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Bombardier cash flow needs to reverse course soon

As Bombardier Inc.'s investors mull the company's quarterly financial results and management's latest assurances about the far-behind-schedule C Series airliner, they've been given a new number to worry about: negative-$915-million.

That was the size of the Montreal-based transportation manufacturer's outflow of free cash in the first quarter of 2014; essentially, the company spent nearly $1-billion more than it brought in over the quarter. Investors were braced for negative cash flow – it's actually not unusual for Bombardier's spending to outpace its sales in the first part of the year – but this outflow was roughly double what industry analysts had anticipated.

Company officials were quick to stress that this was a seasonal quirk in timing of costs versus deliveries, and all would be fine later in the year, when its capital spending needs will slow and the revenues will come rolling in. Free cash flow should be positive in the fourth quarter, they said.

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But based on the 6-per-cent drop in Bombarbier's stock, investors are leery. The big cash shortfall underlines Bombardier's biggest market risk: High costs and product delays have kept the company cash-flow negative for years now, and the balance sheet cracks are evident.

Analysts had been projecting that Bombardier will have negative free cash flow of about $600-million this year and another $200-million in 2015 – which would mark five years of cash outflows. Since 2010, Bombardier's debt has swollen to more than $7-billion, from less than $4-billion at the end of 2009. In a cash-intensive business, the company's cash holdings have shrunk to $2.5-billion from $3.7-billion a year ago.

A couple of years ago, investors had expected that cash would be coming in from the C Series by now. Instead, it continues to flow out. First delivery of the planes was originally planned for the end of 2013; now they aren't set to go into service until the second half of 2015. The program's cost, originally pegged at $3.4-billion, recently ballooned to $4.4-billion.

And the C Series isn't the only Bombardier aerospace project that has been bogged down by delays. Test flights of Bombardier's new Learjet 85 business jet, which were to have begun before the end of last year, were delayed twice before finally beginning in April – meaning that plane, too, will likely go into service later than previously planned.

All of which means it will take Bombardier much longer to recoup its costs on these projects – and get its cash flow turned around – than it, or its investors, had bargained for. Concern over the continuing cash outflows were front and centre in February, when credit-rating giant Standard and Poor's downgraded Bombardier's debt rating – and warned that it might consider downgrading it further.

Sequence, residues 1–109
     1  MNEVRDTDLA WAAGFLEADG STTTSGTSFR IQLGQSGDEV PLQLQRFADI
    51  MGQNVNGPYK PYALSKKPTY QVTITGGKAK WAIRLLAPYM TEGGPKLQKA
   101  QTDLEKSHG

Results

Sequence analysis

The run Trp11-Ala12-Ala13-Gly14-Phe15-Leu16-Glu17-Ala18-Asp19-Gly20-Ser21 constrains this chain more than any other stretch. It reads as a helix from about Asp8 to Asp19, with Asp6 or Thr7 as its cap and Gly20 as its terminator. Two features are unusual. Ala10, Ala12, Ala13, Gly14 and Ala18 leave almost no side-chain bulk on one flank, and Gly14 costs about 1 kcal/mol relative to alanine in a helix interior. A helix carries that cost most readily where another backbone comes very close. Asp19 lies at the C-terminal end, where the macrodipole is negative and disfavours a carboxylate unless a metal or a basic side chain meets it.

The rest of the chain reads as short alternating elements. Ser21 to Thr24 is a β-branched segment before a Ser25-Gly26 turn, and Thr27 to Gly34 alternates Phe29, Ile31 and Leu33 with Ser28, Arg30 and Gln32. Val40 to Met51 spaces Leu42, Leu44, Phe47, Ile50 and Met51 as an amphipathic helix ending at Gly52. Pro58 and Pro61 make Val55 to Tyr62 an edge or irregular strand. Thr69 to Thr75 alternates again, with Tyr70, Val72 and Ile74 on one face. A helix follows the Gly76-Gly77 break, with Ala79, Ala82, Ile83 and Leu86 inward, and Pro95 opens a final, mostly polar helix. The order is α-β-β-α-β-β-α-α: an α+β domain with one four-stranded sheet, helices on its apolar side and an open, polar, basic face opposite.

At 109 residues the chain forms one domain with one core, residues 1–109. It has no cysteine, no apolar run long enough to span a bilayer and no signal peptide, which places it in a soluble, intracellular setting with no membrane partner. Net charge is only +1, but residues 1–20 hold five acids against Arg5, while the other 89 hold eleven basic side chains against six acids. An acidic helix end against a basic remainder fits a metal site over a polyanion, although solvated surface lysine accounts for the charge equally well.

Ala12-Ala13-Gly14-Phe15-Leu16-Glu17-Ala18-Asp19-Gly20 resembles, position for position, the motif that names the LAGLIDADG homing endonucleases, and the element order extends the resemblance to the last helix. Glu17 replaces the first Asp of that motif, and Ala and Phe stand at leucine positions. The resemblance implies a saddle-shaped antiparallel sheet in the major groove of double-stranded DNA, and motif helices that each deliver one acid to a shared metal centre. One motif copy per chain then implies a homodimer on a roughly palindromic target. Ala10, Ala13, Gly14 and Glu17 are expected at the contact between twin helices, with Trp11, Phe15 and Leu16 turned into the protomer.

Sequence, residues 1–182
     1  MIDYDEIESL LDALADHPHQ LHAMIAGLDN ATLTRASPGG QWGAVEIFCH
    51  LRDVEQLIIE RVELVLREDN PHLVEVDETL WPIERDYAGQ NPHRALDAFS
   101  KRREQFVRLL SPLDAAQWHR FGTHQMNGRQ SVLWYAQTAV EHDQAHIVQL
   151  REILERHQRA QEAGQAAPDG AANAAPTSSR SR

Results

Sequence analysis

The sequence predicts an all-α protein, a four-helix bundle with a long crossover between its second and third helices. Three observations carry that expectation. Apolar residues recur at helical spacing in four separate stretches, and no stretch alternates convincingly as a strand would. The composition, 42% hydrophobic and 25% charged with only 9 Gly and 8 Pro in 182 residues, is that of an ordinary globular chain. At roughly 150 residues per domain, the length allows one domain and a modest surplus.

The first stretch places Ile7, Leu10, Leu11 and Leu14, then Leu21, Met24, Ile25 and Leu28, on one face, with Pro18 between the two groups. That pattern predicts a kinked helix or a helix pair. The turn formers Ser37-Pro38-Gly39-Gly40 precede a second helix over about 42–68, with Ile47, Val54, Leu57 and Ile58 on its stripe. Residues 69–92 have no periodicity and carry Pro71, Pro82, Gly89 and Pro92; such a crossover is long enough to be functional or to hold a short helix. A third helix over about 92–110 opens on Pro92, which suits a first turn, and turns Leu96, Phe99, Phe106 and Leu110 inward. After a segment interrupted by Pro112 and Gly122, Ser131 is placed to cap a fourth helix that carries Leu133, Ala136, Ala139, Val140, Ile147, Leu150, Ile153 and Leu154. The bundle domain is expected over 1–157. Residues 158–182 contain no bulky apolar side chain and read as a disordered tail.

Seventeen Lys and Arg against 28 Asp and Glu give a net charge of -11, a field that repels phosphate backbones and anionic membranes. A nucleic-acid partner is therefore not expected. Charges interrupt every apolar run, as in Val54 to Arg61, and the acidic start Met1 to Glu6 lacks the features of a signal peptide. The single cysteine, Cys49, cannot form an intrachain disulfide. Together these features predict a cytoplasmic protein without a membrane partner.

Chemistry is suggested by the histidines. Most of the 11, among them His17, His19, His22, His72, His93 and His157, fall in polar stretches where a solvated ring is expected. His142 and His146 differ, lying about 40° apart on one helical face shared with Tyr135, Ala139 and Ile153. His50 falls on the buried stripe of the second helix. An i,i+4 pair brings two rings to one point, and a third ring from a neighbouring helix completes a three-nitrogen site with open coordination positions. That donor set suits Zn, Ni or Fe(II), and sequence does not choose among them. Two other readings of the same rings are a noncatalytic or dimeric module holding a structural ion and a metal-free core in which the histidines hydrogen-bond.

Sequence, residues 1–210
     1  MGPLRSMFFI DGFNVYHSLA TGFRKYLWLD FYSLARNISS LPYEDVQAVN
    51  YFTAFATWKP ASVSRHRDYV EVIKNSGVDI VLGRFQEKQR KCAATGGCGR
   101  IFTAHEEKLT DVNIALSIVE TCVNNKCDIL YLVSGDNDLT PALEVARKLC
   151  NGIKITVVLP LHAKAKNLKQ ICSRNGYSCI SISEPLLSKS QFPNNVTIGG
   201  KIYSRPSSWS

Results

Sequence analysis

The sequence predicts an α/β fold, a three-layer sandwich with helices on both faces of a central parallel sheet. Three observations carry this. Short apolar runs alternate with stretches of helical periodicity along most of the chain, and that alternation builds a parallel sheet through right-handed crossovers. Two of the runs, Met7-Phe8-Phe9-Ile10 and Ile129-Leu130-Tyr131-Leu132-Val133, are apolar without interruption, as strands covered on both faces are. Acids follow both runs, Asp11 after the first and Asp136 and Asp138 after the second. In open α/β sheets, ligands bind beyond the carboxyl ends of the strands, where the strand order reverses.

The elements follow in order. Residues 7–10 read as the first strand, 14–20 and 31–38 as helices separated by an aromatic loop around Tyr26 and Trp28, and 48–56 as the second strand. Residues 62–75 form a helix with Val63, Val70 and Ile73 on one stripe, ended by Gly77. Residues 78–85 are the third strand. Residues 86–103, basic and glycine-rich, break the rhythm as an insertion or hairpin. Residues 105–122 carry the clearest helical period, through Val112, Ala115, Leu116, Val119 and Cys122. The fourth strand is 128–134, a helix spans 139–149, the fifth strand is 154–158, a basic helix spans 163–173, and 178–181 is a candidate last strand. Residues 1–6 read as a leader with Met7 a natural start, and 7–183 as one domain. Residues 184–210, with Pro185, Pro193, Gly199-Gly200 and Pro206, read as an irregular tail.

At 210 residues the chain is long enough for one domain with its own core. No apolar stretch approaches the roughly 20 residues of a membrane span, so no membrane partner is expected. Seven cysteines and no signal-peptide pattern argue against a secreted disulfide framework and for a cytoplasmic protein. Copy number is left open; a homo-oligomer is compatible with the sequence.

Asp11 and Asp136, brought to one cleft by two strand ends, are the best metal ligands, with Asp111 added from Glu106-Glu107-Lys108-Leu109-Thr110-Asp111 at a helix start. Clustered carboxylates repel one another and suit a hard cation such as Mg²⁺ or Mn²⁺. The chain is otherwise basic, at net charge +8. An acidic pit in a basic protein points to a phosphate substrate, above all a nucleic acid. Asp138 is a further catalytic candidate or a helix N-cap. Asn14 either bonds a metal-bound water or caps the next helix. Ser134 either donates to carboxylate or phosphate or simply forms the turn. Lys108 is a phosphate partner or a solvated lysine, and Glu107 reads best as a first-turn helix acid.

"We could lower the rating on Bombardier should the C Series experience further delays or order levels do not allow for profitable production, resulting in a reassessment of the company's business risk profile," S&P said. "In addition, should the company be unable to … generate positive free cash flow post-2015, we could also reassess the company's business risk profile leading to a downgrade."

There are reasons to think the situation will improve, in part because costs associated with the C Series and Learjet 85 development will be winding down. Bombardier's aerospace capital spending, targeted at $1.6-billion to $1.9-billion this year, is slated to decline steadily over the next few years, to below $1-billion by 2016.

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Meanwhile, business is picking up: aircraft deliveries (56 vs. 53) and new orders (91 vs. 28) were stronger than in last year's first quarter, and new orders were also up substantially in the company's rail division. Between the aircraft and the rail divisions, Bombardier's order backlog totals a record $77-billion, and is up more than $7-billion in the past quarter alone.

But if converting those orders into delivered products continues to get pushed back by costly development delays, Bombardier's balance sheet is going to face further strain. The market's patience with cash flowing in the wrong direction is wearing thin.

Editor's note: The online version of this story has been changed to show that the Learjet 85 had its first test flight in April.

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